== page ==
Wednesday, July 10, 2013
This Week's News
This Week's News
AMA president talks health policy, gives preview of year ahead
In an interview Sunday on C-SPAN's "Newsmakers," AMA President Ardis Dee Hoven, MD, discussed key health policy issues and looked at the year ahead as a prominent voice for America's physicians.
Dr. Hoven spoke about topics of immediate relevance to physicians and their patients, from implementation of the Affordable Care Act to the nation's obesity epidemic to repeal of Medicare's sustainable growth rate formula.
She emphasized the importance of physicians as leaders in the health care system who can drive improvements for everyone involved.
"There are things at play now which are helping the public," Dr. Hoven, an internal medicine and infectious disease specialist, said of the health reform law. "Clearly, as we move forward with this, our responsibility as physicians will be to our patients."
"My job as a doctor will be to communicate with my patients and their families going forward as to what they can expect from the exchanges or any other pieces of the Affordable Care Act," she said.
Dr. Hoven noted that newly insured patients will need to be taught how to get wellness and prevention care up front and will need to understand how to ensure they and their families stay healthy. Alongside physicians, she said, communities also will need to become involved in educating patients about leading healthy lives.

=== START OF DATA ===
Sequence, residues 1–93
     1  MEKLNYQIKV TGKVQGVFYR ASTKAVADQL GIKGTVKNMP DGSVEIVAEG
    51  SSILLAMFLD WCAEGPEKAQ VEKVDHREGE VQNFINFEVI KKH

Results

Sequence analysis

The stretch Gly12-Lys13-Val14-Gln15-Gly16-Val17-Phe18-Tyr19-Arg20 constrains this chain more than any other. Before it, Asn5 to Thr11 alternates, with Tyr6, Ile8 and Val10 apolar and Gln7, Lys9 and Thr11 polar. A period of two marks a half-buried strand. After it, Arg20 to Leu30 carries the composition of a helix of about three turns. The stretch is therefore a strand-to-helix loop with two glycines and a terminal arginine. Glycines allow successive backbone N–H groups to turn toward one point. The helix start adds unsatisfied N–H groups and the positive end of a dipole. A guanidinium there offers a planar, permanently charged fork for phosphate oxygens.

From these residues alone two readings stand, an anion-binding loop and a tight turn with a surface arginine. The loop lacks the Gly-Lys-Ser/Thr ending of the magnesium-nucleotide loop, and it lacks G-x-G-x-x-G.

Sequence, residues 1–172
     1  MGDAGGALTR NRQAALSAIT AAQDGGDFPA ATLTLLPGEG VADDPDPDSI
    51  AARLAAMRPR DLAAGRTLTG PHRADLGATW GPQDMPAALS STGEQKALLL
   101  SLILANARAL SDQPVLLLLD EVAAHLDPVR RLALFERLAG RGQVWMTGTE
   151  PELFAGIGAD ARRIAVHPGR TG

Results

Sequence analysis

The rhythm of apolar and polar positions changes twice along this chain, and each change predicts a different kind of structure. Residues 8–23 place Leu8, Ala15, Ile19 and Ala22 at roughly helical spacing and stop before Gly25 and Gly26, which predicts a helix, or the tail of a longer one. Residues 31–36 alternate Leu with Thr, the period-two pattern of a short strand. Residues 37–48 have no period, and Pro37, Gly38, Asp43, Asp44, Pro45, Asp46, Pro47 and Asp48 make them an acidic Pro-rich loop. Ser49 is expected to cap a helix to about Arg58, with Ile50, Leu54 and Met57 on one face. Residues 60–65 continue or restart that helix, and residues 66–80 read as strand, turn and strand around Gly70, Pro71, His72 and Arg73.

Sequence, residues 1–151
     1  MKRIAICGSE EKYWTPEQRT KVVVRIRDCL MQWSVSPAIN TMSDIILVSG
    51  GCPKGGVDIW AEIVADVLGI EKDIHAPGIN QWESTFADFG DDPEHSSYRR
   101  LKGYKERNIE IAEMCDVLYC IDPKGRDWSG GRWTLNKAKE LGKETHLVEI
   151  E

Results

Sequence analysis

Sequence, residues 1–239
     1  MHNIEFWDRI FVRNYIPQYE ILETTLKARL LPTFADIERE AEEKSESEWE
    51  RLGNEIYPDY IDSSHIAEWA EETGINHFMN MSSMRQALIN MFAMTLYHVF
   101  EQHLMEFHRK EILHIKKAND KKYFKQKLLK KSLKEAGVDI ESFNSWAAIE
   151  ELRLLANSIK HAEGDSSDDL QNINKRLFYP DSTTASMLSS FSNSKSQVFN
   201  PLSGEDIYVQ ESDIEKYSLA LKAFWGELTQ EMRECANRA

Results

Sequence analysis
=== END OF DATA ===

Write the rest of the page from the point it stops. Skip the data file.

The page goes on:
"We're going to have to work together both publically and privately to get this to happen," she said.
Collaborations also will be crucial to making care more efficient and accommodating the increased patient need for access to care.
"What we must do in our country is … work together in … physician-led teams," Dr. Hoven said. "We must utilize all health care providers at their highest level of competency and training and work together to meet the needs of the American public."
This kind of partnership also is a key to the AMA's Improving Health Outcomes initiative, which is breaking across the typical silos of health care to improve health around type 2 diabetes and cardiovascular disease, she said.
Two other areas of focus for Dr. Hoven and the AMA are the Accelerating Change in Medical Education initiative, which seeks to equip medical students to care for patients in the 21st century, and an initiative to shape new care delivery and payment models to promote practice sustainability and professional satisfaction.
"We're going to be looking at this very carefully to enable physicians and their patients to be in the site of care that they want to be in and do the kind of high-quality work that can be done," she said.
Dr. Hoven also spoke about the AMA's priorities for eliminating the Independent Payment Advisory Board, securing sufficient financing for graduate medical education and achieving medical liability reform.